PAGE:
In Nigeria, a new start for children who survived abductions
When Fati was taken by an armed group in her hometown, she thought she'd never see her family again.
BORNO, Nigeria – Fati* smiles, waving as the van pulls out of the transit centre in which she has stayed for two months. After being held for three years by a Boko Haram faction in northeast Nigeria, she is finally going home to her family.
Not so long ago, she feared she might not ever see them again.
A childhood interrupted
In 2015, then 14-year-old Fati was shopping for dinner at a market with her mother. But that afternoon, her life took a tragic turn: an armed group attacked the market, abducting all the girls and killing most of the men.
“I was so scared. I had heard about these attacks but I never thought it would happen to me. I thought I was going to die,” Fati says. Her fear nearly came true.
Fati and the other girls were taken to the Sambisa Forest, where the Boko Haram faction is said to be based. There, she joined the many other girls who had been abducted in raids by the group.
Food was minimal – the girls ate just one meal of instant noodles a day. They were locked in a mud hut and only allowed out to use the bathroom.
One morning, they were asked to bathe, and then to line up. A group of men came and chose wives.
“I refused. I did not want to be married; definitely not to a man I did not know,” Fati says.
Fati was flogged 100 times for her refusal, and dumped in a room with 20 or so others who had also refused to be married.
The men eventually returned and told her she was to be married, but again she refused, along with two other girls. The three girls were flogged again and thrown back into the hut.
Later, the girls were approached for a different reason: they were to become suicide bombers.
Victims, not perpetrators
Fati's story mirrors that of others who have been caught up in the calculated and repeated use of children, especially girls, as ‘human bombs’ in northeast Nigeria over the last few years.
In 2017, 146 children (mainly girls) were used as human bombs. In the first six months of 2018, 43 children were used in this way.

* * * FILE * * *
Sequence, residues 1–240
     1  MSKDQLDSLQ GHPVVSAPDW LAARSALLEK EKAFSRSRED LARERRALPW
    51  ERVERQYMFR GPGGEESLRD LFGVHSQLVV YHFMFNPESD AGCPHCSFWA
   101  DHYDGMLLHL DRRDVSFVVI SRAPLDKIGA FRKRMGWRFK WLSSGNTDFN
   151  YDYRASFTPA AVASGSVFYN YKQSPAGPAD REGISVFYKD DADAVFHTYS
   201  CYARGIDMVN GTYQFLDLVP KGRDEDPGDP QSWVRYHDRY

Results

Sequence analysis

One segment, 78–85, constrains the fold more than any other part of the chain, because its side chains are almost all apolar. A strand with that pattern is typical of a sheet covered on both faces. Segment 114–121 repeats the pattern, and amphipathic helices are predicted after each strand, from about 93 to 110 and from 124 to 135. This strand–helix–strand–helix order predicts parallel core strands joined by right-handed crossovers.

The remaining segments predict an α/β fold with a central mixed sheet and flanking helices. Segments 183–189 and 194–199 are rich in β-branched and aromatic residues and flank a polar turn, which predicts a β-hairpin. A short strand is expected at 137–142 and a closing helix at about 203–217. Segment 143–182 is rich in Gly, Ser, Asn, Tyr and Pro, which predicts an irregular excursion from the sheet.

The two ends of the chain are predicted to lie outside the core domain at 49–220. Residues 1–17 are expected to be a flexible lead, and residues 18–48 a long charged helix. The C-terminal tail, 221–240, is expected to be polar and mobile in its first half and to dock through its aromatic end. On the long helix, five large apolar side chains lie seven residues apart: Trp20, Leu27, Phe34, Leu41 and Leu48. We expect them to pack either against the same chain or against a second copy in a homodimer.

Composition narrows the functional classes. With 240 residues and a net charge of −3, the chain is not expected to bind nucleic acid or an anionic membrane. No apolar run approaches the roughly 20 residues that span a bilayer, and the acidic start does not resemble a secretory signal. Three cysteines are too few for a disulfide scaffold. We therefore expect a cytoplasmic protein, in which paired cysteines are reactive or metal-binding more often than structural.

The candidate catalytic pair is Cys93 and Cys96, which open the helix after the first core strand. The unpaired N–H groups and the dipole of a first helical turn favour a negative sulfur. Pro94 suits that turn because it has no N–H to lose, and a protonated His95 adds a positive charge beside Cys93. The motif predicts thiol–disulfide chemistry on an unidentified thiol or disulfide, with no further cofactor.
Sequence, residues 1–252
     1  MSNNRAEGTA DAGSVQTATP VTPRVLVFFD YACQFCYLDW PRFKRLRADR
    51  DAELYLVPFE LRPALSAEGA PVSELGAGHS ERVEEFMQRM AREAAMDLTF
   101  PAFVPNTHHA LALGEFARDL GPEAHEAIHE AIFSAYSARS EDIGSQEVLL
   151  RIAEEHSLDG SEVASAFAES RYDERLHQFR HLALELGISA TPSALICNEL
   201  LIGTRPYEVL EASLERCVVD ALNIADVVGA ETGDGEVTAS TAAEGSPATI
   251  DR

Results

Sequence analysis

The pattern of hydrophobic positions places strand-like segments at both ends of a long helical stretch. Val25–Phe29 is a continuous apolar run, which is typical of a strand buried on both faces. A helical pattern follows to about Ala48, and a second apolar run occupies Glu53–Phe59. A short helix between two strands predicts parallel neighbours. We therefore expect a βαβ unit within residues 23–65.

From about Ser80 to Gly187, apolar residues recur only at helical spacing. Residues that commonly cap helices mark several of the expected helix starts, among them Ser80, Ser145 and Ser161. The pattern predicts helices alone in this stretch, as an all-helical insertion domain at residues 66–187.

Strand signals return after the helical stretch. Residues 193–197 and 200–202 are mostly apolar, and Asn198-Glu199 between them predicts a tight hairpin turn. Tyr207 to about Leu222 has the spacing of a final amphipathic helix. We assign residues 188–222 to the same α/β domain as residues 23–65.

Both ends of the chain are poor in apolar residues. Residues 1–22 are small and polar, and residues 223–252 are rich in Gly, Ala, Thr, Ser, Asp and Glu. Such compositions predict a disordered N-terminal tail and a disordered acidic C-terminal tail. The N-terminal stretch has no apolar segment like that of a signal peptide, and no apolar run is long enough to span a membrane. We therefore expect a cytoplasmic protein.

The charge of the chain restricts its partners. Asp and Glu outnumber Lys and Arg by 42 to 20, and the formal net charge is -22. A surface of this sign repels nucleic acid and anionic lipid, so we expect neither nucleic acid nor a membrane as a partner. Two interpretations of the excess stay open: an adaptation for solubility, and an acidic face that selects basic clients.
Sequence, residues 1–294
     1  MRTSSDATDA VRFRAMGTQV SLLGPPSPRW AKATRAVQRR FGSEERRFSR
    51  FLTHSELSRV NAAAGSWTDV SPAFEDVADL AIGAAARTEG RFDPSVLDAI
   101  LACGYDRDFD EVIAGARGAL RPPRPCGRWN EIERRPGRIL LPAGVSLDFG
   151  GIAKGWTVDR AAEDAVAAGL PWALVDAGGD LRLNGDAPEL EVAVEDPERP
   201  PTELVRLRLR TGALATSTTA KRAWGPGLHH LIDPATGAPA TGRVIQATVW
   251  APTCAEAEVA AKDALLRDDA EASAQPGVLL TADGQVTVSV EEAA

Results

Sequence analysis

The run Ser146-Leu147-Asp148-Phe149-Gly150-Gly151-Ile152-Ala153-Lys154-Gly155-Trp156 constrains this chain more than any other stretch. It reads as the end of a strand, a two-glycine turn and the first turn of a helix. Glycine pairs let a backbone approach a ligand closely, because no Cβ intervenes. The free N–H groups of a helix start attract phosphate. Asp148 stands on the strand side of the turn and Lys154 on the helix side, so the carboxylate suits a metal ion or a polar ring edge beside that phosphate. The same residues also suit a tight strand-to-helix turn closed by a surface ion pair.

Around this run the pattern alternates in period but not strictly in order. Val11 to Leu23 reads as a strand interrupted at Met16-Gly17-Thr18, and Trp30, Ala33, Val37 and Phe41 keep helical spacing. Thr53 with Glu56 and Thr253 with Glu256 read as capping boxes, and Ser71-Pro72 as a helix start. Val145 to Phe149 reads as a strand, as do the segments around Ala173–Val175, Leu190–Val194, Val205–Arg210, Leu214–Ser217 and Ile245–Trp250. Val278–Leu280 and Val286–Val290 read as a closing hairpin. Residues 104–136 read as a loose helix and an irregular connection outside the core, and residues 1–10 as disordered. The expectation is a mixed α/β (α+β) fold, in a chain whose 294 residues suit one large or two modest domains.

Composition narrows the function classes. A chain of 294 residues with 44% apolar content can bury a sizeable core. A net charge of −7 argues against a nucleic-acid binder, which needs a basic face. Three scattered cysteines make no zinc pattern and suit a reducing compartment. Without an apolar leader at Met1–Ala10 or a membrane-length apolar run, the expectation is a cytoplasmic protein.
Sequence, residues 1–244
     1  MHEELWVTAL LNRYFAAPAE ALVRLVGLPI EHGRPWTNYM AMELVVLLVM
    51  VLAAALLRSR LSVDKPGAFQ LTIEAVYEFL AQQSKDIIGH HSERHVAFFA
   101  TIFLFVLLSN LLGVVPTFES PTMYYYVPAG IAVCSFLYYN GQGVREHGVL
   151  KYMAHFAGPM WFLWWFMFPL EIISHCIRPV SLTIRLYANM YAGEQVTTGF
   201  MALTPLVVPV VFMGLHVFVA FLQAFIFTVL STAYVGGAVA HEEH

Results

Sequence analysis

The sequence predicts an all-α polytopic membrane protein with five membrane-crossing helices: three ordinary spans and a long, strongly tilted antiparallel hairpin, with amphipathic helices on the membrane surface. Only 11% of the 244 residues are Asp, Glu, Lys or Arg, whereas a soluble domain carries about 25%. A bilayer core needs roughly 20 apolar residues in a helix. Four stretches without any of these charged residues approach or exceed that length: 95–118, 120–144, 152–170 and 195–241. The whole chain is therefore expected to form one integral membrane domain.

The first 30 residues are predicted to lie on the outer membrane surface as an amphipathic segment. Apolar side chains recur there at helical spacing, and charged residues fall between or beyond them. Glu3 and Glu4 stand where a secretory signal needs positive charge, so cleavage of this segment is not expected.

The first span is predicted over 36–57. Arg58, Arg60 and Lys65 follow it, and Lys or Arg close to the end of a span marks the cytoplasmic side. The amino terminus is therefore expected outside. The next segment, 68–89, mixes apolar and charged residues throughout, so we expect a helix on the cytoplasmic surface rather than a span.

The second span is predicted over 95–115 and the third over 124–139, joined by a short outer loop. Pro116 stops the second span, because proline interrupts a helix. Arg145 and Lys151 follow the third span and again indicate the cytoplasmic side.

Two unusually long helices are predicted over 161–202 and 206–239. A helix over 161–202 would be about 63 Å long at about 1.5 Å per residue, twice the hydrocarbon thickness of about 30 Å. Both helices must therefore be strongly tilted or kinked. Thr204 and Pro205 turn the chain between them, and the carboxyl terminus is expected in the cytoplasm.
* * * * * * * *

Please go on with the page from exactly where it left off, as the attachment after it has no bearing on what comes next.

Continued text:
“We were told that we had a bigger calling and that we were going to save mankind. They asked us if we wanted to go to heaven. We all said ‘yes’,” Fati recalls. From then on, life changed for the three girls. They were given two or three meals a day, better living conditions and were asked to recite prayers throughout the day. One morning, a soldier walked into their hut and gave them brand new vests to wear under their clothes. He told them to approach a military checkpoint and press a white button that he promised would "send them to heaven".
Taking fate into her own hands
Fati did not understand the connection between the vest, the button and God. She decided not to push the button and watched as her two friends detonated themselves at the military checkpoint, killing two soldiers. She raised her hands and told the soldiers she also had a bomb, but did not want to detonate it. The soldiers helped her remove it and took her to a military detention facility. Fati’s case is not unusual. The conflict in northeast Nigeria has seen non-state armed groups regularly use children as suicide bombers. In 2017, 146 children (mainly girls) were used as human bombs. In the first six months of 2018, 43 children were used in this way.
"When I saw her, I cried... I never thought this day would come."
Coming back to life
Fati is one of more than 200 children taken into administrative custody before eventually being cleared of ties with armed groups and released. These children were sent to a UNICEF-supported transit centre in August 2018, where they were provided medical and psychosocial support, learning and life skills.
UNICEF was also able to locate Fati’s family. Some three years after being taken, Fati and her mother were reunited at the transit centre.
“When I saw her, I cried,” Fati says. “I never thought this day would come. My mother was crying too. We could not speak – we cried for a long time.”
As Fati reflects on returning to her community, she’s full of hope and optimism. “When I get home, the first thing I want is to eat my mother’s pepper soup and then go and register in school,” she says, smiling. And while Fati has undoubtedly been changed forever by the ordeal, she has not allowed her dreams to be taken from her – including one of becoming a teacher.
In addition to family tracing, UNICEF, with the support of the EU and Governments of Germany, Sweden and France, Norway and Switzerland, supports the reintegration of survivors by helping to return them to their communities and offering psychosocial support, education, and providing opportunities to improve their livelihoods through vocational training and informal apprenticeships.
*name changed to protect identity